Faculty of Engineering
Department of Materials Science & Engineering
NIR-Sensitive Au-Au2S Nanoparticles for Targeted Drug Delivery
The invasive nature and adverse side effects of surgery and chemotherapy have limited the efficacy of cancer treatment. Our laboratory has incorporated tissue penetrating near infrared (NIR) light and NIR-sensitive nanoparticles to develop a minimally invasive drug delivery system. NIR-activated release of an anticancer drug from NIR-sensitive nanoparticles could potentially reduce deleterious side effects and allow treatment of surgically inoperable tumors.
The NIR-sensitive nanoparticles employed for targeted drug delivery system in our work were synthesized by reduction of tetrachloroauric acid (HAuCl4) using sodium sulfide (Na2S). In contrast to organic particles, inorganic nanoparticles potentially offer increased flexibility in manipulation of optical properties. The properties of inorganic nanoparticles may be tailored by controlling the size, surface, shape and domain interactions. The as-synthesized NIR-sensitive nanoparticles exhibited two absorption bands at wavelength, l of about 530 nm and NIR absorption between l = 650 – 1100 nm as shown in Figure 1. The as-synthesized nanoparticles were composites of crystalline gold (Au) and amorphous gold sulfide (Au2S). The NIR absorption was unique to as-synthesized nanoparticles, and was absent in either Au or Au2S nanoparticles. There was no evidence that NIR absorption properties were related to a core-shell structure as suggested in earlier work in the literature. In addition, the effects of concentration ratios for precursors used in the chemical synthesis of nanoparticles were correlated with the resultant NIR properties. Consequently, by varying concentration ratios of precursors, the optical properties of as-synthesized nanoparticles were tailored. This ability to tailor optical properties would further advance the potential use of as-synthesized nanoparticles for optically-activated drug delivery systems or other biomedical applications.
Functionalization of NIR-sensitive Au-Au2S nanoparticles with surfactants has facilitated the loading of anticancer drugs as shown in Figure 2. Surfactants of different hydrocarbon chain lengths were used to modify the nanoparticles, and subsequently altered interfacial interactions between nanoparticles and surfactants. The loading of anticancer drugs governed by surfactant interfacial interactions was correlated to the surfactant chain length. In addition, inorganic-organic interfacial interactions between nanoparticles and surfactants may be used to manipulate the optical properties of NIR sensitive drug delivery system. Drug release was triggered upon NIR laser irradiation using a Nd:YAG pulse laser at l = 1064 nm. The structural and microstructural changes of Au-Au2S nanoparticles upon NIR laser irradiation were studied. Insights to NIR triggered drug release process were elucidated from the estimated magnitude of thermal effects and structural and microstructural changes induced by NIR irradiation.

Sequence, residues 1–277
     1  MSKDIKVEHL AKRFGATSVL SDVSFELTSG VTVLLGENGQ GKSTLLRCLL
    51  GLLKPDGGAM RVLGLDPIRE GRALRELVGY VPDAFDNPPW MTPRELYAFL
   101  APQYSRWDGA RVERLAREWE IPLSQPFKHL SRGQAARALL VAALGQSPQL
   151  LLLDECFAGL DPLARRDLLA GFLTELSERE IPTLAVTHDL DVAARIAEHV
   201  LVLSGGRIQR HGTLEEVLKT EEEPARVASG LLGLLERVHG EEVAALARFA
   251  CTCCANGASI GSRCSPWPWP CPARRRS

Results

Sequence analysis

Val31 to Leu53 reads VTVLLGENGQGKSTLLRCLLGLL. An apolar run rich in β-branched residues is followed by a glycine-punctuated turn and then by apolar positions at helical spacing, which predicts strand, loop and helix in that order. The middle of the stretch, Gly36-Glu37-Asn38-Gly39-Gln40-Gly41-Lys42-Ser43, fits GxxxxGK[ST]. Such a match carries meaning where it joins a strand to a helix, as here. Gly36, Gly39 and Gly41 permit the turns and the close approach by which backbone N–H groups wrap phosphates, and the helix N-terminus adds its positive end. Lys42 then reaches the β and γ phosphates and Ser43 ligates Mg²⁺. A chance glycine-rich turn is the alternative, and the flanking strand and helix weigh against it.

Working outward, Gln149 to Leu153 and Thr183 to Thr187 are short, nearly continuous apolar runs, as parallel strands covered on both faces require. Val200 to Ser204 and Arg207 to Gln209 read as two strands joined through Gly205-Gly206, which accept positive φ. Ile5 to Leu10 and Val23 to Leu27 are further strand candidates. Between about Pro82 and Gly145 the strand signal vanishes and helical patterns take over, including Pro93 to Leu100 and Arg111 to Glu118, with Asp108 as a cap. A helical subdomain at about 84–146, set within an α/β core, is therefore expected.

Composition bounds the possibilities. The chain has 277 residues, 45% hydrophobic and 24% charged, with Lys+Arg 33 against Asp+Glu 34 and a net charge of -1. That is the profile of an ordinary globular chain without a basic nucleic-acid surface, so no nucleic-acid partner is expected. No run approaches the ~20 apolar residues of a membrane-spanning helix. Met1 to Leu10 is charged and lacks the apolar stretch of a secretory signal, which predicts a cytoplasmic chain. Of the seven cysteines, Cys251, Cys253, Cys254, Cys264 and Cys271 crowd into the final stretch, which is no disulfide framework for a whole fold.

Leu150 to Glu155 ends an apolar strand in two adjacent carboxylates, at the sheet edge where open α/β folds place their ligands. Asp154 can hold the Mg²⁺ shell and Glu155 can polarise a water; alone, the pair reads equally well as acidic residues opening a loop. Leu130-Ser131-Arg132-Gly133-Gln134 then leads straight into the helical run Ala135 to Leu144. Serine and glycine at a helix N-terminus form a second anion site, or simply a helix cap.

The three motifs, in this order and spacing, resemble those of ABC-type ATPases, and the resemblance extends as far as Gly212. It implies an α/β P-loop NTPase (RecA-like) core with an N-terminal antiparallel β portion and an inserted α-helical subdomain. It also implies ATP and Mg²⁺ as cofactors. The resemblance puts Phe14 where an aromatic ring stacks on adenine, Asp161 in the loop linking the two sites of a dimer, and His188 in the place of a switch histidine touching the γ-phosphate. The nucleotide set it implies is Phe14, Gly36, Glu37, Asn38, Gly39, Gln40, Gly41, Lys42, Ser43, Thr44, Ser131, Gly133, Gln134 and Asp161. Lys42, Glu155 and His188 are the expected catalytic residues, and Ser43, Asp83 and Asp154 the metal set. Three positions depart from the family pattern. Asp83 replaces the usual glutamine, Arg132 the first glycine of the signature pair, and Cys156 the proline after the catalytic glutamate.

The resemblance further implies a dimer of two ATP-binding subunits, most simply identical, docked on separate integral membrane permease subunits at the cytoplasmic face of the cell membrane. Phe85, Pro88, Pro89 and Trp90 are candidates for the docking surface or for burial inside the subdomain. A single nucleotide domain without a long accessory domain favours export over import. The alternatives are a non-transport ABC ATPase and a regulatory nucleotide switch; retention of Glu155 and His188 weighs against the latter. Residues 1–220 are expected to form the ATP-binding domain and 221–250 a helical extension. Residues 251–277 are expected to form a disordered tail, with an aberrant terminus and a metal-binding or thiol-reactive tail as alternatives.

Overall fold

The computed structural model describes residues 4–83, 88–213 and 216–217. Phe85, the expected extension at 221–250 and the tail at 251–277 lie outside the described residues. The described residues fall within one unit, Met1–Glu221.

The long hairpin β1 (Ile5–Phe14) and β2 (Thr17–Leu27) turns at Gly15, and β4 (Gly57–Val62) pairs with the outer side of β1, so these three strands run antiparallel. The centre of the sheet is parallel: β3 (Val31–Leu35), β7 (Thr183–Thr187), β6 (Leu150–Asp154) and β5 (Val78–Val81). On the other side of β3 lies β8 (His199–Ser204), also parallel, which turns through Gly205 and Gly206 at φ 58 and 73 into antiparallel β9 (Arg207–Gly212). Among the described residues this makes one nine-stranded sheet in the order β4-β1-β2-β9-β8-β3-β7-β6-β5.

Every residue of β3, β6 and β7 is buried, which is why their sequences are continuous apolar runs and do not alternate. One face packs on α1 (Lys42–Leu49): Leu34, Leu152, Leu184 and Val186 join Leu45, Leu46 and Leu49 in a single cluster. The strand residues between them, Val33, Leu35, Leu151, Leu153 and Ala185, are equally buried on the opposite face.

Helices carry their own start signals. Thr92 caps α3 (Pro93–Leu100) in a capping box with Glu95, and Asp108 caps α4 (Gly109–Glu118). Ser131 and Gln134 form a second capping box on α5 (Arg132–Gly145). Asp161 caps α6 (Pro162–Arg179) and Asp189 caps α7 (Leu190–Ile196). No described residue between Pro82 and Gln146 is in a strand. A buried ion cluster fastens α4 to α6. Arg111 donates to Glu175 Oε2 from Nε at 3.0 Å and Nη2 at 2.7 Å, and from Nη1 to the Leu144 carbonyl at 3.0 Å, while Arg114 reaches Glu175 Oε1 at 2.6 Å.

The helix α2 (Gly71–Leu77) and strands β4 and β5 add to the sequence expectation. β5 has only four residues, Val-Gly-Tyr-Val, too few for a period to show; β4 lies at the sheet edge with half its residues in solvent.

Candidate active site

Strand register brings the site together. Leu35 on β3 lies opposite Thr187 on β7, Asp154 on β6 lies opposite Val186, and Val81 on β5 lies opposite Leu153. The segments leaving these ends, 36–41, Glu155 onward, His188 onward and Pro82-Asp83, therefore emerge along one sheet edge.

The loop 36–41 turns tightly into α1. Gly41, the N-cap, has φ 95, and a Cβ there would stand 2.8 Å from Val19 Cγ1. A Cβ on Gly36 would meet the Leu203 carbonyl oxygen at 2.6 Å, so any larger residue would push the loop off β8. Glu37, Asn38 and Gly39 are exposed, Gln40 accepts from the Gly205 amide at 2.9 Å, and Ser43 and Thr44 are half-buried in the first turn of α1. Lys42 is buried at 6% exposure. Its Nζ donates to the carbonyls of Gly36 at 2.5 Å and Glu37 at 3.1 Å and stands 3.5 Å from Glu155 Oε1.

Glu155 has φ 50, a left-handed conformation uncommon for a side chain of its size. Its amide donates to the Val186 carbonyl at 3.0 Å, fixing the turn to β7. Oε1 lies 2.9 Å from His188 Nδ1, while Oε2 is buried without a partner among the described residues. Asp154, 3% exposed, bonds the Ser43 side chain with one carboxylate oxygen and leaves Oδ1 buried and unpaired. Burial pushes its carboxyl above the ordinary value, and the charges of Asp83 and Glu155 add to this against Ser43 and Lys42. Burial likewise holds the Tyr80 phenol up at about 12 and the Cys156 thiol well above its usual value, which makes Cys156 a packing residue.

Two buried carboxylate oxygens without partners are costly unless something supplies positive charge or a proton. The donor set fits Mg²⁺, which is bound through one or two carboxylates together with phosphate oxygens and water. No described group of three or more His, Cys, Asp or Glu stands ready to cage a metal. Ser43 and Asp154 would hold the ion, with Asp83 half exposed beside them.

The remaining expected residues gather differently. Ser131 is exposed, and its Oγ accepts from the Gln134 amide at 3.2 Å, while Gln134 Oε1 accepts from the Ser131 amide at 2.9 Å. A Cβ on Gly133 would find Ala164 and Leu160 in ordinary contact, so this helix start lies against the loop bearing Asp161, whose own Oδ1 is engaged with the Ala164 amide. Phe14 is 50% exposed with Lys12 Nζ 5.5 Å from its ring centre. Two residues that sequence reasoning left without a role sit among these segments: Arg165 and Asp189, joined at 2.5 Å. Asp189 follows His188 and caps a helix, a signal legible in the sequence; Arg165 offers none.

In addition, the in vitro cytotoxicity of the NIR-sensitive Au-Au2S drug delivery system was assessed using breast cancer cells as an essential preliminary safety criterion for its potential clinical application. The cytotoxicity of surfactant-modified nanoparticles and drug-loaded-surfactant-modified nanoparticles were investigated. It was found that the toxicity of drug-loaded-surfactant-modified nanoparticles depended on the surfactant used for drug adsorption. The in vitro cytotoxic effects of released drugs in the supernatant fraction collected after NIR irradiation of drug-loaded-surfactant-modified nanoparticles were evaluated. The effects induced by NIR irradiation or surface drug loading on the cytotoxicity of released drugs were also ascertained. It was found that the released drug was chemically modified with increased toxicity. Besides NIR-sensitive Au-Au2S nanoparticles, other inorganic nanoparticles (NIR-to-visible upconversion nanoparticles and magnetic ferrites) were also investigated for their potential biomedical applications.
Figure 1: Optical properties of NIR-sensitive nanoparticles.
Figure 2: Schematic of NIR-activated targeted drug delivery system.
Principal investigator: Chow Gan Moog
Tel : 6516 3325